Earthquakes: the 10 biggest in history
Here are the 10 biggest earthquakes detected since records began.
THE EARTHQUAKE THAT STRUCK off the Pacific coast of Japan on Friday 11 March, was reported by the USGS (US Geological Survey) to be magnitude 8.9, but the Japan Meteorological Agency on Monday upgraded it to magnitude 9.0, making it perhaps the fourth largest earthquake since records began.
"This data is computed from seismometers located across the world," says Professor Mike Sandiford a geologist at Melbourne University. "So the magnitude cannot be accurately calculated immediately after the event; it takes a few days." It's possible that the magnitude of the quake will be upgraded even further, he says.
Originating near Sendai, in the north east, the Japanese quake and the resulting tsunami has caused massive damage and may even lead to volcanic activity. The death toll could exceed 10,000 according to some reports, with many billions of dollars worth of damage.
Big earthquakes on the rise
Seismologists have noticed an increase in high-magnitude, high-impact earthquakes in the last decade, says Mike, but there are few theories to explain this. "Energy released by earthquakes on a global scale in the last decade is much more than in the previous 25 to30 years," he told Australian Geographic. "However, the period 1952-1965 had equally as much energy released."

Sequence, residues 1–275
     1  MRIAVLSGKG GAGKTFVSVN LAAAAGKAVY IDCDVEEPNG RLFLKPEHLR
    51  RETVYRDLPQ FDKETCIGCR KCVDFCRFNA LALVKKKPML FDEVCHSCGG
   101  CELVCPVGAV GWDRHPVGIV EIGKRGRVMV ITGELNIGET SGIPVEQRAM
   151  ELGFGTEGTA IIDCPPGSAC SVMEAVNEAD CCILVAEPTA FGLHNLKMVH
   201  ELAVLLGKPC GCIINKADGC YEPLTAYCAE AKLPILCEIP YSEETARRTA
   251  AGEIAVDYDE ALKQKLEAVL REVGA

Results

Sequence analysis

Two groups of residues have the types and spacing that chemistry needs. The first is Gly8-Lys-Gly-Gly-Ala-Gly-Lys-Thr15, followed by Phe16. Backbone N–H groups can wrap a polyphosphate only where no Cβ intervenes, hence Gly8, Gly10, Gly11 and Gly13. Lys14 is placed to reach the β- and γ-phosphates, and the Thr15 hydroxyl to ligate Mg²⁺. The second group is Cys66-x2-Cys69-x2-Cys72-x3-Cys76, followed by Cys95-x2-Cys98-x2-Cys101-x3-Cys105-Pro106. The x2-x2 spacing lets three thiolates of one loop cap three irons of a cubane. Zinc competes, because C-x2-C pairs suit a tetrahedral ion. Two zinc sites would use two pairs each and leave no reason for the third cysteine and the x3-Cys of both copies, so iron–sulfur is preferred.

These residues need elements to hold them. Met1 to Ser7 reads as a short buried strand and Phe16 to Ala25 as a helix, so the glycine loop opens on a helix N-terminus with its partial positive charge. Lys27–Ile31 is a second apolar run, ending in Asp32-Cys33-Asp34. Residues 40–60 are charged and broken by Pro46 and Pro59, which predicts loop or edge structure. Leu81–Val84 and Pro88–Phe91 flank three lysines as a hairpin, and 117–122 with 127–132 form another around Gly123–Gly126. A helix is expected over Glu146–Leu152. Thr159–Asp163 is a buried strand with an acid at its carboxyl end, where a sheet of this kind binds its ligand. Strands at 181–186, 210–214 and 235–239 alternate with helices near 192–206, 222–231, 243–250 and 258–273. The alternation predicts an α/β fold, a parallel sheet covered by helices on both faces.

There may be cyclical clustering patterns of high-energy earthquakes that last about a decade, interspersed with longer less-active periods, he says, but there isn't enough data to be certain. "The problem in looking for patterns is that we didn't have the seismological equipment available for making accurate recordings before [the 1950s]...So it is too early to categorically identify a trend of this kind."
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10 biggest earthquakes in recorded history
1. Valdivia, Chile, 22 May 1960 (9.5)
This earthquake killed 1655 people, injured 3000 and displaced two million. It caused US$550 million damage in Chile, while the tsunami that it spawned caused deaths and damage as far away as Hawaii, Japan and the Philippines. The 'rupture zone' of the quake was more than 1000 km long. Two days after the initial quake, the nearby volcano Puyehue erupted, sending ash and steam up to 6 km into the atmosphere over a period of several weeks.
2. Prince William Sound, Alaska, 28 March 1964 (9.2)
Compared to the Chilean earthquake, this earthquake was less damaging: the resulting tsunami took 128 lives and caused overall US$311 million in damage. The earthquake was felt mainly over Alaska, as well as some places in Canada, while the tsunami created by it caused damage as far away as Hawaii. The most damage was sustained by the city of Anchorage, 120 km north-west of the epicentre. Shaking from the quake itself is reported to have lasted for three minutes.
3. Sumatra, Indonesia, 26 December 2004 (9.1)